First paperback appearance of the revised and expanded edition, including a portfolio of color plates.
In addition to her fame as a novelist, Edith Wharton has now been recognized as an arbiter of taste and correct usage in the making of domestic interior rooms, and Odgen Codman, Jr., has achieved recognition as a revivalist architect of the first rank. The original text of The Decoration of Houses continues without revision as an authentic classic, perhaps the most important book of its kind ever published. Its carefully reasoned chapters on such aspects of house interiors as fireplaces, ceilings and floors, halls and stairs, are of the greatest value to professionals and serious amateurs concerned with interiors. This expanded edition includes an introduction by Henry Hope Reed and three critical essays by John Barrington Bayley, William A. Coles, and Alvin Holm, AIA. Additions to the album of renderings and photographs of modern and contemporary work in the tradition of Wharton and Codman include a number of important works done in the last decade or so. A portfolio of color plates new to the expanded edition offers the work of such accomplished photographers as Bill Ray and Anne Day.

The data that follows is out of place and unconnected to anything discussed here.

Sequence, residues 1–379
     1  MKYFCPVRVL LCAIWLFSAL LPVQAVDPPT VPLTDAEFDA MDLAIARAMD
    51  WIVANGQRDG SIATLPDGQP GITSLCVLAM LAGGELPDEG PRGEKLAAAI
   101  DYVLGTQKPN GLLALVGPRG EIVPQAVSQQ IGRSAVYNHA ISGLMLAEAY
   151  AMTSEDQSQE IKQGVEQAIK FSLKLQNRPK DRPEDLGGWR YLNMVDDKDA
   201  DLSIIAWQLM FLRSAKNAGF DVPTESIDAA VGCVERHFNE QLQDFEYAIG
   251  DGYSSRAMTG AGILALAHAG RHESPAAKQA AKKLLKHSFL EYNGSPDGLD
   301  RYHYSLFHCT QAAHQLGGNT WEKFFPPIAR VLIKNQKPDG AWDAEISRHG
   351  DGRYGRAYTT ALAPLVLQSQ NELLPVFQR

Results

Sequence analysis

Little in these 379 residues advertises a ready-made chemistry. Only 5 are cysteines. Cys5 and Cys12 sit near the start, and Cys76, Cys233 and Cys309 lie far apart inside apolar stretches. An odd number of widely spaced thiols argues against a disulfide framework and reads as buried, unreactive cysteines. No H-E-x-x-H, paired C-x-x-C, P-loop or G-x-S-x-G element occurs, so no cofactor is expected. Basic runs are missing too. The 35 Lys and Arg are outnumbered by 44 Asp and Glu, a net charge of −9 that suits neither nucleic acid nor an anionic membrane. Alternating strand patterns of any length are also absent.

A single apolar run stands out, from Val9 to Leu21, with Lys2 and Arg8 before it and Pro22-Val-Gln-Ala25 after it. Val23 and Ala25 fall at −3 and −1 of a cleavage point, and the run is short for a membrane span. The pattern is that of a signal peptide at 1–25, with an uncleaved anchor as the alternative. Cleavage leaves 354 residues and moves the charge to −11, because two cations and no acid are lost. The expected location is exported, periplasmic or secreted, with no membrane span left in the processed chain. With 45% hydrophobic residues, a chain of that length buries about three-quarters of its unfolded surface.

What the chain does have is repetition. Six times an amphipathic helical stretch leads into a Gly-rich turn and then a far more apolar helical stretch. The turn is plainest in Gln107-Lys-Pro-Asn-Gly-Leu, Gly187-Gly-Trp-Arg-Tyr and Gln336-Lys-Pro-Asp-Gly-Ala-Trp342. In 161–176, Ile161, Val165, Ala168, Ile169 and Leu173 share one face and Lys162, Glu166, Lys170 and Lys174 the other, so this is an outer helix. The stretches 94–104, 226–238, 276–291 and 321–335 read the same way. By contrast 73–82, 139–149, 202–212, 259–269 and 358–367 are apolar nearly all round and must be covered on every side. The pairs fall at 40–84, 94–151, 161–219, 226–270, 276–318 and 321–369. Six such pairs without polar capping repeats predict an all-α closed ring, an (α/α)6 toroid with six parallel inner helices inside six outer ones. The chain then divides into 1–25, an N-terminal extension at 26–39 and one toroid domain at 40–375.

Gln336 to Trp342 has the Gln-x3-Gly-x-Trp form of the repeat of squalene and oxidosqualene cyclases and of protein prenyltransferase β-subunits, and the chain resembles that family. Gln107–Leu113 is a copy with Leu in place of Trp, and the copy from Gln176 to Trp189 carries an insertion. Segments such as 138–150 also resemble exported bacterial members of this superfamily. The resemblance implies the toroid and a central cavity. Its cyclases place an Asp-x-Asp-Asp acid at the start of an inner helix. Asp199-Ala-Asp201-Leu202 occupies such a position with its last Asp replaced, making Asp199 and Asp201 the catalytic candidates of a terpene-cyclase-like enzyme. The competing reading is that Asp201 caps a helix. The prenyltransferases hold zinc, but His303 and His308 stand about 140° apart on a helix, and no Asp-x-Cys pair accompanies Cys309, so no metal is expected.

|Product dimensions:||6.00(w) x 1.25(h) x 9.00(d)|
About the Author
Edith Wharton (1862–1937) was an American novelist, short story writer, and designer. Nominated three times for the Nobel Prize in Literature, she received the Pulitzer Prize for The Age of Innocence in 1921. Wharton drew upon her privileged social position to create witty and psychologically insightful novels and short stories.
Ogden Codman, Jr. (1863–1951) was a noted American architect and interior decorator in the Beaux-Arts tradition. His many famous designs include Wharton's residences Land's End and The Mount as well as her Park Avenue townhouse; the Vanderbilts' Newport home, The Breakers; and the Codman-Davis House in Washington, D.C.
Date of Birth:January 24, 1862
Date of Death:August 11, 1937
Place of Birth:New York, New York
Place of Death:Saint-Brice-sous-Forêt, France
Education:Educated privately in New York and Europe
Table of Contents
The Historical Tradition 1
Rooms in General 17
Ceilings and Floors 89
Entrance and Vestibule 103
Hall and Stairs 106
The Drawing-room, Boudoir, and Morning-room 122
Gala Rooms: Ball-room, Saloon, Music-room, Gallery 134
The Library, Smoking-room, and "Den" 145
The Dining-room 155
The School-room and Nurseries 173
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